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A Quick Look at Alopecia Areata

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Hair loss is a natural part of life.  Of course, it does not affect all people the same way (and some lose more hair than others); though it does seem to afflict men more than women.  

But while natural hair loss is normal, there is a type of hair loss that is the result of an autoimmune disorder that attacks the scalp, more or less.


An autoimmune disorder is a malfunction of the body characterized by the immune system attacking a particular body part (instead of a foreign or invading particle, like a bacteria or virus). Rheumatoid arthritis is an autoimmune disease in which the immune system attacks the joings. In Alopecia Areata, that body part is the hair follicles. This results in hair loss.  This is all that Capilia doctors know about the condition, for now, other than, perhaps, how to distinguish Alopecia Areata from traditional, age-related hair loss.  Scientists have said, though, that they speculate some environmental triggers might influence the onset and severity of this (and any) autoimmune condition.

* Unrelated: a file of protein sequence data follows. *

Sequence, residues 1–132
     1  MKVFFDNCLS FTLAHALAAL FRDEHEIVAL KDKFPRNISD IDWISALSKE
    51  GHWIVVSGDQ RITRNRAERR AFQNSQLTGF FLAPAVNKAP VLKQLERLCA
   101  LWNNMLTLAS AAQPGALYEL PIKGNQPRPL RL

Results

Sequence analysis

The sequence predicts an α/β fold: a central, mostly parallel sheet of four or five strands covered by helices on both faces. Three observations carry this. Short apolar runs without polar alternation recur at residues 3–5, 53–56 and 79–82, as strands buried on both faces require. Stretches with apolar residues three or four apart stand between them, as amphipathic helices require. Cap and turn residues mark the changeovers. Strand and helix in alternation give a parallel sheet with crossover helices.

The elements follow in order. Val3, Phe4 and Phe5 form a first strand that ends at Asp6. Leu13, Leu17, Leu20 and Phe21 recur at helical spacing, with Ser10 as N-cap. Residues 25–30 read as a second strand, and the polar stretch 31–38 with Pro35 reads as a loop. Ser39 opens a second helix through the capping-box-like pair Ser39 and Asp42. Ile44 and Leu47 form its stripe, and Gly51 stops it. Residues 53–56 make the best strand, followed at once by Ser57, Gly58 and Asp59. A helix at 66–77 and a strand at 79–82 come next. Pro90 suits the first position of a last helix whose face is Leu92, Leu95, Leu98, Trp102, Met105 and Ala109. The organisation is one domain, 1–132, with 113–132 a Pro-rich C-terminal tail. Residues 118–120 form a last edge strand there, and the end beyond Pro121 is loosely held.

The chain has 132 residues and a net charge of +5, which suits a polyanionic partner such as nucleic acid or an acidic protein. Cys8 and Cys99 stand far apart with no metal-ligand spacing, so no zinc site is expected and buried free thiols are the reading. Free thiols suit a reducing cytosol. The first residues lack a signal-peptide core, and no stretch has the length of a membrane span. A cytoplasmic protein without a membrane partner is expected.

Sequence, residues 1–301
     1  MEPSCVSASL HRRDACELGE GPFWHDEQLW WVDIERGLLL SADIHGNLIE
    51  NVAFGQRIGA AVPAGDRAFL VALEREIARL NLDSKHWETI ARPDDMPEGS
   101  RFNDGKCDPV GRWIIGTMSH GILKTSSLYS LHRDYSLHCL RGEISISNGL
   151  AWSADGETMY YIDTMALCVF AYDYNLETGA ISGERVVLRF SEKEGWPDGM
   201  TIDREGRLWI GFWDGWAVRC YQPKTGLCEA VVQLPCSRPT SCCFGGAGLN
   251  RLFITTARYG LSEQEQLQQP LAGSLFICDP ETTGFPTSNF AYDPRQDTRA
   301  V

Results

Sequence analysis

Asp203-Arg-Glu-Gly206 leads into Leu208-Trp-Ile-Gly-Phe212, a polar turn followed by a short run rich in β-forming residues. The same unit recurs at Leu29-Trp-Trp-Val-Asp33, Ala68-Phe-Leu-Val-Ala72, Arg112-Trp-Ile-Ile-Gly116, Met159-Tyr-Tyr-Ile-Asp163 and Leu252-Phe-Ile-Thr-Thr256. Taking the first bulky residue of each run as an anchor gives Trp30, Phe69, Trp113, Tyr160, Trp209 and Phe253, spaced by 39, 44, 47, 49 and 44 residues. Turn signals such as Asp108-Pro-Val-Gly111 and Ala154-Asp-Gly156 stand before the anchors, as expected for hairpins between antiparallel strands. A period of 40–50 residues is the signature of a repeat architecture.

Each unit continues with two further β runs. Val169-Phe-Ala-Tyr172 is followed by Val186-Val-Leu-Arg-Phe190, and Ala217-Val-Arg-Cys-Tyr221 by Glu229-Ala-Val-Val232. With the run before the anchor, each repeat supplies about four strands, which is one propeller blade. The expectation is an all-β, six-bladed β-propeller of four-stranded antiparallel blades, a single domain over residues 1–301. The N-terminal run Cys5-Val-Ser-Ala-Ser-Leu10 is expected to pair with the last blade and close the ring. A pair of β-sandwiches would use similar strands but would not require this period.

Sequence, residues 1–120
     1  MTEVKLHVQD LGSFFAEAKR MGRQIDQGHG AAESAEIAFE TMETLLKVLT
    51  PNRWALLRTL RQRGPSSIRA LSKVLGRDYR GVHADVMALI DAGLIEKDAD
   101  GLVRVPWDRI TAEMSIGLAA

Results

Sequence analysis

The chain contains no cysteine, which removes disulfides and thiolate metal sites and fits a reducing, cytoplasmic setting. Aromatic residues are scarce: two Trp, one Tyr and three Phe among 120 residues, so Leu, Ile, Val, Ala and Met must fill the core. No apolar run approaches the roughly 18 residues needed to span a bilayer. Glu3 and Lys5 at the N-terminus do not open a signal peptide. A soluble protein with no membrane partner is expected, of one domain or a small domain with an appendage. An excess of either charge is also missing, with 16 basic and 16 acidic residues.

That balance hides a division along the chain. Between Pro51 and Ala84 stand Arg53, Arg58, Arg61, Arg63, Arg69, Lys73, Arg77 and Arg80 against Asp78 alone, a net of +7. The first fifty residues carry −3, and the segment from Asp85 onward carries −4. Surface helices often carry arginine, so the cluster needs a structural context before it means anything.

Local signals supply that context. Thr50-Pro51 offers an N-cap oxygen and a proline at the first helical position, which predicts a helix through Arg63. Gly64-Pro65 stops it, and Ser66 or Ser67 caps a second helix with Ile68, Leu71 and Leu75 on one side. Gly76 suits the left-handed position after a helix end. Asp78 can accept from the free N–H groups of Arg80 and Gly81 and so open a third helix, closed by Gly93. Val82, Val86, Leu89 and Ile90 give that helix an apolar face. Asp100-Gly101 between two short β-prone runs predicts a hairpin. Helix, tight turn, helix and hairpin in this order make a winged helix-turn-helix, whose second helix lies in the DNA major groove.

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Right now, there is no singular means for diagnosing Alopecia areata.  One potential symptom, though, is irregular hair loss. This is a condition in which hair loss is more concentrated in one part of the scalp or thinner in a somewhat uneven way.  If you have irregular hair loss, basically, then it might be wise to go to a doctor for a blood test. This is how they will confirm abnormal immune response in order to diagnose Alopecia areata.  A scalp biopsy could also be necessary.


As we do not quite know the cause of the condition there is no set way to treat Alopecia areata, right now.  Some hormone therapies, however, have been found to work and in many cases, doctors will advise lifestyle changes—to see if diet and exercise has any effect.  Also, doctors might prescribe medications (like Minoxidil), steroid injections, and corticosteroid creams, which have also shown merit in slowing or reducing the symptoms of Alopecia areata.


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